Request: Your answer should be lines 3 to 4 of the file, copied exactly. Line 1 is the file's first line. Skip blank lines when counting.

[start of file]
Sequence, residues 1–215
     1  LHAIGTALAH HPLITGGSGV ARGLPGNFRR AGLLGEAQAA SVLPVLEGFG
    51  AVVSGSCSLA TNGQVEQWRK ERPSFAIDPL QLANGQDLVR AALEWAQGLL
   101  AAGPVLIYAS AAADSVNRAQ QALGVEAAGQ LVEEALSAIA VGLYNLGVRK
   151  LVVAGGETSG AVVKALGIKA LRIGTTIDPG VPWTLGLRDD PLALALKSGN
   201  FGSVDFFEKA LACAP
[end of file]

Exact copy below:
    51  AVVSGSCSLA TNGQVEQWRK ERPSFAIDPL QLANGQDLVR AALEWAQGLL
   101  AAGPVLIYAS AAADSVNRAQ QALGVEAAGQ LVEEALSAIA VGLYNLGVRK